Travel industry reacts as UK votes to leave the EU

The pound fell by more than ten per cent against the dollar last night, as Britain voted to leave the European Union. 

The Association of British Travel Agents released a statement quoting David Cameron, the now outgoing prime minister, as saying that there would be “no initial change in the way people travel”.

No changes in the relationship between the UK and the EU will be put into place until Article 50 of the Treaty of Lisbon is activated. Cameron has said it will be down to the next prime minister – due to be voted in at the October Tory conference – to put this into place.

Once Article 50 is activated there be a two-year divorce process.

Clia UK & Ireland, the cruise industry body, said: “As with other sectors, the cruise industry relies on stable business frameworks and regulatory certainty to operate efficiently. This is why Clia hopes that Europe’s stability and business environment will not be unduly affected. Clia will continue to work with authorities to promote stability and ensure that cruising continues to thrive and carries on making a vital contribution to Europe’s economic growth.”

The Abta statement continued: “Travellers are as free to move between the UK and the EU as they were yesterday, European Health Insurance cards remain valid and regulations such as Air Passenger Rights remain in place. People due to travel this summer will see little changes to their holiday. Once the UK formally notifies the EU of its intention to leave, the remaining member states will have up to two years to offer the UK a deal for a future trading relationship and during this period holidaymakers will not see any immediate changes.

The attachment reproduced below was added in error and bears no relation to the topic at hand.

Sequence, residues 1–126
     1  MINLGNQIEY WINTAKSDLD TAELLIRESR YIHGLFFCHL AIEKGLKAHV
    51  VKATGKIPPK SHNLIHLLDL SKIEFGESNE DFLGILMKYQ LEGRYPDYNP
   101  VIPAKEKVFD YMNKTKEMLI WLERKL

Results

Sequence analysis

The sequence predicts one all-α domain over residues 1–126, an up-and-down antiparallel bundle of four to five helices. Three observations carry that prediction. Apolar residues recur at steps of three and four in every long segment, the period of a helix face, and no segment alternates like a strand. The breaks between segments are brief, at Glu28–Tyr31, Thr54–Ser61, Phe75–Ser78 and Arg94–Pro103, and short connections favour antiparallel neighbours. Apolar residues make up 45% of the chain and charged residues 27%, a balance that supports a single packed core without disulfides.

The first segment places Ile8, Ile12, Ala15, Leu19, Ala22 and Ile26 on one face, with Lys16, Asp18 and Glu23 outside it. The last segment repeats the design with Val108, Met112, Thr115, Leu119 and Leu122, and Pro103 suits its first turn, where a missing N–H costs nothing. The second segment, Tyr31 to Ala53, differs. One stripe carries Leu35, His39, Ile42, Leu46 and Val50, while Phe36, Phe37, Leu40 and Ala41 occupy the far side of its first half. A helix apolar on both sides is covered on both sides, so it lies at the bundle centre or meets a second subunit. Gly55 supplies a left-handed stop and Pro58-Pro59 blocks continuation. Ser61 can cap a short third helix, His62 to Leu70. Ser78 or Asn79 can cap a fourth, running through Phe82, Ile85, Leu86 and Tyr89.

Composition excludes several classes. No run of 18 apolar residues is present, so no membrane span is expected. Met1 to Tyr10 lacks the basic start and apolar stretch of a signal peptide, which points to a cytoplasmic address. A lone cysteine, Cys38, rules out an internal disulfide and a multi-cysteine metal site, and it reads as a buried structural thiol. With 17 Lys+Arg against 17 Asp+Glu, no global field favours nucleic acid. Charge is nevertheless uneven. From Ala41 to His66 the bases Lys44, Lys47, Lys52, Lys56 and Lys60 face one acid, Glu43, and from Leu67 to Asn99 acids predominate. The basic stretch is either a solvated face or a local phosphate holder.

“However, the fall in value of the pound will have an immediate impact on holidaymakers and their spending power overseas.”

Joel Brandon Bravo, the managing director of Travelzoo UK, said: “Obviously top priority is dealing with the impact the referendum result will have on the value of the pound, but there are other factors that could make the result a big blow for the travel industry.

“As such, we’re now urging the government to act quickly to renegotiate how an independent UK operates in The European Common Aviation Area. UK airlines seem unanimous in the opinion that a Brexit will lead to reduced competition, reduced routes and higher travel prices. A concern shared by UK consumers with over a quarter (28%) saying they’re worried a Brexit will lead to more expensive holidays.”

Sam Ballard

Sam Ballard is the publisher of CRUISE ADVISER and has been writing about the cruise industry for a number of years. His CV includes the likes of shipping magazine International Cruise & Ferry Review and the digital publication Cruise News. He can be contacted on:sam@cruise-adviser.com.

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